On March 27, 2013 the U.S. Supreme Court rendered its decision in Comcast Corporation v. Behrend, a decision that gives employers another weapon to defeat class certification. The Comcast class action was brought by cable television subscribers who alleged that Comcast engaged in unlawful anti-competitive activities that drove up cable subscription charges. The plaintiffs sought to certify a class of over 2 million Comcast subscribers. They proposed four theories of how Comcast engaged in anti-competitive activities. Their damages expert calculated damages resulting from these activities at $875,576,662. The district found that only one of those theories was capable of meeting the requirements for class certification, and it certified the class on that theory alone. Comcast appealed, arguing that the damage calculation was based upon all four theories, and if only one theory survived, then the class plaintiffs could not prove that class member damages were based upon that theory alone. The Supreme Court agreed, holding that class certification was improper because the trial court would need to inquire as to which type of anticompetitive activity was at play in the case of each customer, and therefore, “questions of individual damage calculations will inevitably overwhelm questions common to the class.”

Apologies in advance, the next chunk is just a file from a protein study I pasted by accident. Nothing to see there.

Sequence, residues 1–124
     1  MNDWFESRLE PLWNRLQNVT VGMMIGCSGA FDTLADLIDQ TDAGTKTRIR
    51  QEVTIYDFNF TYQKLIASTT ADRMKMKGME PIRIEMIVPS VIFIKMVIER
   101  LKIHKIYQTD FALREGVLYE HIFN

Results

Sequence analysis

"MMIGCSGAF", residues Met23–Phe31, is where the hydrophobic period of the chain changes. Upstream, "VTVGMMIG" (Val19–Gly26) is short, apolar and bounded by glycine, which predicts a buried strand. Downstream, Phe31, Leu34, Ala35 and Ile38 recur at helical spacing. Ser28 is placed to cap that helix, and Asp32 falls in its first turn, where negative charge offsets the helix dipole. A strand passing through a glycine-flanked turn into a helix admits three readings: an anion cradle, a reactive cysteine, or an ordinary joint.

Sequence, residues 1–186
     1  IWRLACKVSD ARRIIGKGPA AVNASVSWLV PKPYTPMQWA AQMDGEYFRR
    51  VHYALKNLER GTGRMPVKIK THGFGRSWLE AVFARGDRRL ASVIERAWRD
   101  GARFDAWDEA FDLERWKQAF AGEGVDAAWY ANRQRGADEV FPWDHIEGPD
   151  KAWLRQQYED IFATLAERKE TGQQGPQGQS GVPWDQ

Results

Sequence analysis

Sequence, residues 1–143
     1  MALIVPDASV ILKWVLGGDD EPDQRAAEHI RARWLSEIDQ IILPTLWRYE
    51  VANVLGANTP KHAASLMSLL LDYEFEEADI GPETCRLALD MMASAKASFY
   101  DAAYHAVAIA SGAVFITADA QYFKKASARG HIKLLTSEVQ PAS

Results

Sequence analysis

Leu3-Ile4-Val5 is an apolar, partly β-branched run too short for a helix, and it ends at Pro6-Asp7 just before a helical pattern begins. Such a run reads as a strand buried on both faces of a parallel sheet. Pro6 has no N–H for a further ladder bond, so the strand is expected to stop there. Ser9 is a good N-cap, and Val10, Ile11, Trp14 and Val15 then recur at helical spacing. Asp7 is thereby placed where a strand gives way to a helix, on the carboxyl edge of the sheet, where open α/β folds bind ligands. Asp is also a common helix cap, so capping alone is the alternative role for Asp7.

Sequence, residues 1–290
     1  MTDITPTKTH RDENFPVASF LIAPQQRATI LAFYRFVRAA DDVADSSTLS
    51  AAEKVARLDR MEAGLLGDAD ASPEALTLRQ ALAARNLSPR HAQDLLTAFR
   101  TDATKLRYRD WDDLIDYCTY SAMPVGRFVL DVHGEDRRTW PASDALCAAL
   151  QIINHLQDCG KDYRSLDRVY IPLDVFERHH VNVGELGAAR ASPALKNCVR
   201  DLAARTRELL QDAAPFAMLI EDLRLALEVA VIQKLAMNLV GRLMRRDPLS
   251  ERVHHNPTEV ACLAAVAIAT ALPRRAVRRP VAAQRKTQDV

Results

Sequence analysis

This case will be helpful to employers who often defend class action lawsuits alleging multiple theories of recovery. Under Comcast, if the plaintiffs do not prove that their damages under each theory are capable of class determination, then the court cannot certify a class action claim.